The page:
Carlson, Amy - memories

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The Carlson Family

School got out sometime toward the end of June, and it was at this time each year that my family and I went off to Warner’s Lake for the summer. My father, Vall Pulliam was transferred many times during my childhood, so we never stayed in one place long enough to get a real sense of permanency. But no matter how far our travels took us, or what town he happened to work in, Warner’s Lake was always home base.

My father would hook the flat-bed trailer to the back of the family’s station wagon, and with the help of my older brothers, he would load up all of the family’s necessities for the next two months; the lawnmower and bikes, of course were included. My mother, Judy Pulliam would spend her time prearranging flower boxes, which were also added to the pile; they would later put the finishing touch on our Warner’s Lake camp that was located on the dead end of Strevell Lane. A place where my days as a child were filled with fun and activities.

The details of my youngest years are vague, but memories of being carefree and out of harm’s way ring out loud and clear in my mind. When I was old enough, my brothers and I would meet up with our cousins and friends every morning by the small plank bridge that crosses the inlet to the lake. Hours would pass by like seconds as we rode bikes on the dirt road, made forts in the woods, and caught frogs in the creek. As I grew older, my days were filled with many of the same activities, but we were always coming up with a new game to play or a new way of doing things.

Ashley Bates, Brittney Pulliam, Sierra Bates, Talia Rockmore and Xena Pulliam, Trendsetters

My Great Uncle Van, or Jacob Vanderbilt Straub to those who did not know him as the cool-pop-giving man that he was to us kids, one year provided my cousins, brothers, and I with a small motor boat. We took countless rides around the lake, (counter clockwise of course) and after that, water-skiing occupied most of our time. When on dry land we organized many games. It seemed like we had croquet tournaments all the time, and steal the bacon ( using Strevell Lane as the boundaries) was a favorite; we also played volleyball, and penny poker. Each summer there was a new game or trend that we focused on. If one kid had a certain kind of hat, then chances were all the others would follow suit. This trend might not have been a trend the surrounding communities or the rest of the world chose to acknowledge, but it was inevitably the trend on Strevell Lane. Most of the time, the more bazaar the trend, the more fun it was. For example, one year we got our hands on some tacky promotional tuxedo jackets and wore them while we played croquet. That was the uniform of the game that summer. But games were not all that there was to do.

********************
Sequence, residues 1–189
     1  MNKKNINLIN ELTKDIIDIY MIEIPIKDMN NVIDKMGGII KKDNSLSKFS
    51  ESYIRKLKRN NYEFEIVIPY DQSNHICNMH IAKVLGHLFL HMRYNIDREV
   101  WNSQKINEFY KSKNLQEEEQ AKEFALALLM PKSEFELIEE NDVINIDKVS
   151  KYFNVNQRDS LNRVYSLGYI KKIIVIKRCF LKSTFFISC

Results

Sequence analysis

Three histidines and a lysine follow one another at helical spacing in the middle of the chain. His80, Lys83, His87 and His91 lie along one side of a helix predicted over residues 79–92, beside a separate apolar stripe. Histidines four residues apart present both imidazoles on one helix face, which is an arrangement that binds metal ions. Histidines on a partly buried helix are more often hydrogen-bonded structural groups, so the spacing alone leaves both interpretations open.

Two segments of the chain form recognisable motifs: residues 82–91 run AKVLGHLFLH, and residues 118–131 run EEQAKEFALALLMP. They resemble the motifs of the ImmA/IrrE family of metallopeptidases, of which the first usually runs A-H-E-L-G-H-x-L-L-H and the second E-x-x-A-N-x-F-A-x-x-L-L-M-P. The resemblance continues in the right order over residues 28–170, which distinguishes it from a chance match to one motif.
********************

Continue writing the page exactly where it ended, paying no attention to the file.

Brianna and Kara Coffino
Kent Pulliam, John Coffino and Mike Bates

The residents of Strevell Lane would often throw parties (mostly on Labor Day weekend) with the theme, “come not as you are, come as bazaar. Unless you are bazaar, then come as you are.” This brought out the imagination of both the young and the old. We didn’t need much to celebrate. Even the smallest of reasons, a birthday perhaps, or extra ice cream in someone’s freezer would spur a gathering. One year all that was needed was the re-planking of the bridge to hear someone say, “Let’s have a party right here on the bridge.” For years after that we did a “Bridge party” just to have a gathering of family and friends.

The Bridge

A few of the large poplar trees on Strevell Lane had been hit by lightning, or had been taken down manually so that the wind would not do it for us. The landscape was now left with a littering of stumps at least three feet around. Alan (Doc) Rockmore started to have fires every Saturday night to eliminate these unwanted lawn ornaments, and when one was done he would move on to another. Everyone from most of the camps on the lane would bring their lawn chairs and refreshments close to the flaming area. We would sit and socialize until all hours of the night, with Marshmellows on sticks and children running around with flashlights until their parents pulled the plug on their fun. The walk home from the nights activities was always very peaceful, not a streetlight in sight, just the fireflies and the crickets chirping to serenade the way. Sometimes I would walk up and down the lane until I saw a shooting star, then I knew that it was time to go in for the night. We still have a fire every Saturday night, but not for the same reasons anymore. The stumps no longer exist under all the ash, but the tradition lives on.